By the time Jackie was six months old, it was pretty painful to eat – and it was time consuming, too, so I just kind of quit doing it. Bowel movements were very few and far between and I dreaded them with my entire being as they were excruciatingly painful. The bowl was full of dark blood each time. I was exhausted but determined that I could do it myself. I did not need help. I quit nursing as I just couldn’t keep up the volume of milk needed. Jackie went straight to regular food and thrived.
Once a few more months passed, my mom was on my case – sure that I was anorexic. Every time I ate I had such horrific pain that it doubled me over. I went to some doctors to find out what was up and they tested me for things like worms; but generally dismissed it as postpartum depression. I must be depressed being a single mom after all! This annoyed me tremendously and basically strengthened my resolve to take care of my daughter myself – NOBODY gets to label me! When I think about how scared I would be as a mom if Jackie was so sick, it makes me really mad at myself for putting my mom through that time. She cared so much and I kind of pushed her away.
One day when Jackie was about 15 months old I was walking over some property with a developer who was interested in putting in a new subdivision. It was an important meeting with terrific ramifications for my career. All the sudden I could hear the commercial loan officer and the developer talking to me, asking if I was okay, but I couldn’t answer them or respond. I passed out right then and there. This was the push come to shove moment when I realized I had to find out what was wrong. The bank insisted on it!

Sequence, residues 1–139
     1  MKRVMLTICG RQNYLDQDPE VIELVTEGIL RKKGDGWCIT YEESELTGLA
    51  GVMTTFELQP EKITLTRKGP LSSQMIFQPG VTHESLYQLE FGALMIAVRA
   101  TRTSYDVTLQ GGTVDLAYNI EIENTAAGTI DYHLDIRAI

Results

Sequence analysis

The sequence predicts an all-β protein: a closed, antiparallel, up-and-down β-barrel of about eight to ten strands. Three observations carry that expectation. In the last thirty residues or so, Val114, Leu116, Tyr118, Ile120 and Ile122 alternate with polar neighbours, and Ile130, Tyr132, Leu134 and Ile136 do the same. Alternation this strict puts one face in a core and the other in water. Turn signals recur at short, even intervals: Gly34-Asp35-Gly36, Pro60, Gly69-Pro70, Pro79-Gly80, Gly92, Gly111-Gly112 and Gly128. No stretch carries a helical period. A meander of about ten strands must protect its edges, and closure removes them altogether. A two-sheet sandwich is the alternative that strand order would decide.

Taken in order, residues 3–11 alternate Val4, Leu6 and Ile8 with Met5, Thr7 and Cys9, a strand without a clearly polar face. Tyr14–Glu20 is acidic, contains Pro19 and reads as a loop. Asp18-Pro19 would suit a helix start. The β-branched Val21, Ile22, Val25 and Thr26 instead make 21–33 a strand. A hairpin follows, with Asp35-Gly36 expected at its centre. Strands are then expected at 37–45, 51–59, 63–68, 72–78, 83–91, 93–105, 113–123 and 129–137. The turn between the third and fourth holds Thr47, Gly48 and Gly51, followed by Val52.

A general practitioner in town thought a good place to start would be a colonoscopy so he sent instructions to the hospital and I did the prep and showed up to have the tests. The next day the GI office called. I wasn’t really even sure what a GI was at that point! I’d been healthy my whole life! And it wasn’t like now when you jump on the internet to research something…I know that ages me, but it wasn’t! I was exhausted and sick and trying to take care of my daughter, and frankly scared to know the truth so I was completely naïve when the lady on the phone said to come in because they had news for me. It sounded grim so I said to her, just TELL me!!! And she did. She said, “You have Crohn’s Disease.” I said what is that? She said, “well I don’t really know – I’m just a temp.” I said well you have to give me something more than that! She said, well let me look it up… “it says here that it is debilitating and there is no cure.”